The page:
The five year anniversary of the publication of my debut novel, Nobody Gets the Girl, is near! Officially released October 28, 2003, Nobody Gets the Girl was a superhero novel that hit bookshelves when stand-alone superhero novels were a true rarity. The book immediately ran into marketing problems... bookstores didn't know where to store it. I'd find it sometimes in the graphic novel section of bookstores, which must have been a shock for people picking up the book and finding there were no pictures inside. I went to a used bookstore called Edward McKay's in Greensboro just last week and found a copy in the graphic novel section, so the confusion continues to this day.
Yet, five years later, people are still discovering the novel and I continue to get emails and people coming up to me at conventions telling me how much they enjoyed the book. It's slowly built up a loyal following among fans of superhero fiction who appreciate the tone of the book--it's more tribute than parody, taking a serious look at the possibility of superheroes tackling some of the world's biggest problems, yet maintaining the playful, anything-goes feeling of the comic books I loved when I was a kid (and, okay, still love).
Here's the premise: Richard Rogers, an average Joe with dreams of being a stand-up comic, wakes up one morning in a bed that isn't his own. Worse, he's in bed with two complete strangers who carry on with their morning as if they don't notice him, because, he soon discovers, he's become a ghost, invisible and intangible. As confusing as his situation is, things take a darker turn when he discovers what's really going on. A theoretical physicist named Dr. Knowbokov shows up and informs Richard that his life has been erased by a time machine accident. When Dr. Knowbokov made a voyage back in time, a chance interaction with a man he never even laid eyes on wound up altering the chain of events that led to Richard's conception. Richard is now trapped in a reality in which he was never born, a ghost who isn't even remembered by his own parents or his former wife. Dr. Knowbokov is the only man who can still see him... until it's discovered that the good Doctor's two daughters also possess the ability to see, hear, and touch Richard, due to the geneticly similar brain structures they share with their father. Oh, and the two daughters are also superheroes. The eldest is Rail Blade, who has the power of ferokenisis, the ability to control all iron, and even to create iron out of then air by manipulating the quantum froth of reality. Rail Blade is a deadly serious, grim and gritty soldier type superhero, aware that her great powers give her great responsibility and feeling as if the weight of the world is on her shoulders. The younger sister, the Thrill, has been born with the power to make anyone who obeys her feel intense waves of pleasure. It's not quite mind control, but few people ever have the willpower to say no to the Thrill. The Thrill is in many ways the opposite of her sister--sarcastic rather than serious, more concerned with fun than with duty, and not above using her powers for petty reasons.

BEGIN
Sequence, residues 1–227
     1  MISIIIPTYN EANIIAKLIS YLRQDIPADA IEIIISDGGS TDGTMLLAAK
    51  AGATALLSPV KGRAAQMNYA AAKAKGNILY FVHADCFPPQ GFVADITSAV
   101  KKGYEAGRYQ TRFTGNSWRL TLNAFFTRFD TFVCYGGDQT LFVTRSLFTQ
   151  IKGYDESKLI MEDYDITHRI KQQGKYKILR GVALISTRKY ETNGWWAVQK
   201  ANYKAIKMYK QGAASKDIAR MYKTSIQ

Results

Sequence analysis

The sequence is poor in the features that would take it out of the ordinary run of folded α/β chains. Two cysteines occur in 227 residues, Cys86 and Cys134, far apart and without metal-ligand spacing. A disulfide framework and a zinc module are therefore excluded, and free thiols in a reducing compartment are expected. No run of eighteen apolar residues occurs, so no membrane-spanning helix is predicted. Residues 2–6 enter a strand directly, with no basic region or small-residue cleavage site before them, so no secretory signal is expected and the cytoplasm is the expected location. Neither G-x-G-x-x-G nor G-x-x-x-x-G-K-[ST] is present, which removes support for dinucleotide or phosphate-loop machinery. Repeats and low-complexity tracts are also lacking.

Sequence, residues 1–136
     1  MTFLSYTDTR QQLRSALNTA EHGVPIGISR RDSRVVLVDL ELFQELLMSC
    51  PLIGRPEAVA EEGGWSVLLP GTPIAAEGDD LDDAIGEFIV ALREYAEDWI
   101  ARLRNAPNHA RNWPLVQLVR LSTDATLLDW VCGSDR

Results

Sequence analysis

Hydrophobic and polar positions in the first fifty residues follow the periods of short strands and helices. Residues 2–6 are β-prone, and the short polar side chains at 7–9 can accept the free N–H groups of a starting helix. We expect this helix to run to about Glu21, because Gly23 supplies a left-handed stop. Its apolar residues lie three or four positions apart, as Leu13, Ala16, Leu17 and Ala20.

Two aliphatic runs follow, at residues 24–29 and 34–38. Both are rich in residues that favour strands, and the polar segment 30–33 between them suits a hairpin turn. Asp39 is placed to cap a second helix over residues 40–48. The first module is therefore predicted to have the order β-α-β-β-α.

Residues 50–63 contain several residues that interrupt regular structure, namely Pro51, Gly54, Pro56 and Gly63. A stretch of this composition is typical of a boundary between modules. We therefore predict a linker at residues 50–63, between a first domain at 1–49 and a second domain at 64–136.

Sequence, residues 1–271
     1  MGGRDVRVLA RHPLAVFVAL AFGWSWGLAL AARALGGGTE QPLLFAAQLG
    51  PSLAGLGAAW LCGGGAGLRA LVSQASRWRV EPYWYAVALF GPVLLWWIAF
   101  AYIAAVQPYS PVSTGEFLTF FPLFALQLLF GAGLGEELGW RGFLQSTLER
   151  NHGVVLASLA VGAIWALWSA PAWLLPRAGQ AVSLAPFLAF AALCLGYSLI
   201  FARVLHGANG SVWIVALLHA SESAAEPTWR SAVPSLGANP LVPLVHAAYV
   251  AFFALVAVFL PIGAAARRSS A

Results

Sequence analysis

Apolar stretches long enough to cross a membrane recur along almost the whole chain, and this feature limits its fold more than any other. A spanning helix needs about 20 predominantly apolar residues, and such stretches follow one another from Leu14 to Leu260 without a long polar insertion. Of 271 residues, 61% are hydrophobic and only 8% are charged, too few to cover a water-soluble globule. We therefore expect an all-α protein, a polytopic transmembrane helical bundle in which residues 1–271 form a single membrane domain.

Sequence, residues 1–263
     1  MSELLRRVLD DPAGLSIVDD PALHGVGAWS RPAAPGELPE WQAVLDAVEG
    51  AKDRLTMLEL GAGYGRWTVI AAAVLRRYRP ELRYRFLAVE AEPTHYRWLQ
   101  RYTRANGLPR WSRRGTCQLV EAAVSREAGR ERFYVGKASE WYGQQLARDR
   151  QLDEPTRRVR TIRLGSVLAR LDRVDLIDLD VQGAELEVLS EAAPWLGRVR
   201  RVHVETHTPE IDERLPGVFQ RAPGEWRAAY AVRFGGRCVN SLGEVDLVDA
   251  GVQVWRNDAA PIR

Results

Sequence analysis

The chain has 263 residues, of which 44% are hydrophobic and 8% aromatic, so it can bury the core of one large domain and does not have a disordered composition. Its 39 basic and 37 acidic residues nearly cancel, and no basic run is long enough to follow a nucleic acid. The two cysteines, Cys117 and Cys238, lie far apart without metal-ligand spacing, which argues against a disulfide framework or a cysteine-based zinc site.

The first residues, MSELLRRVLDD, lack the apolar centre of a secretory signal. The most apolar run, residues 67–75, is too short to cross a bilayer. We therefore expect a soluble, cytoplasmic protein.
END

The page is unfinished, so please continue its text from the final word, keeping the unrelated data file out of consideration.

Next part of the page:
Richard gets recruited by Dr. Knowbokov to join his odd little superhero clan, serving as the unseen, untouchable spy codenamed Nobody. Richard is soon swept up into a war against superpowered terrorists organized by the mysterious mastermind Rex Monday. The book is a fast paced thrill ride as Richard winds up making life and death decisions in which the stakes grow increasingly high; cities will fall and the fate of the world hangs in the balance.
In the end, who can save us?
To celebrate the anniversary, I'm giving away copies of Nobody Gets the Girl every Tuesday in October. On the 7th, 14th, 21st and 28th, I'll reactivate Robo-Bobo, the name-picking monkey to draw names out of the virtual hat. If you want to enter, just shoot an email to email@example.com with the header "Nobody Giveaway." Also, to celebrate all things superheroic in October, I'm soliciting superhero haiku! Just as I published dragon themed haiku in June to celebrate the release of Dragonforge, I'm looking for a few good lines celebrating everyone's favorite men in tights. For those of you who need a refresher, haiku is a type of poetry that consists of three lines, five syllables, seven syllables, five syllables. You don't have to send in a poem to enter the contest, but if you do, and your name is drawn, I'll not only send you a free copy of Nobody, I'll throw in a very rare, limited-edition, signed chapbook of my superhero tale Final Flight of the Blue Bee. How rare? I'm only printing 4 copies. How's that for rare?
To warm you up, here's a few superhero haiku of my own:
What makes felons flee?
Underwear worn over tights.
Batman's true power.
Sirens at midnight
the earth shakes as a man leaps
and catches a train
Spiderman's greatest joy
He hates the suburbs
I'm hoping you can do better! Bring it on!
Welcome to my worlds!
I'm James Maxey, author of fantasy and science fiction. My novels include the science fantasy Bitterwood Saga (4 books) the Dragon Apocalypse Saga (4 books), the superhero novels Nobody Gets the Girl and Burn Baby Burn, the steampunk Oz sequel Bad Wizard, and my short story collection, There is No Wheel. In 2017, I'll be releasing a new superhero series, The Butterfly Cage. This website is focused exclusively on writing. At my second blog, Jawbone of an Ass, I ramble through any random topic that springs to mind, occasionally touching on religion and politics and other subjects polite people are sensible enough not to discuss in public.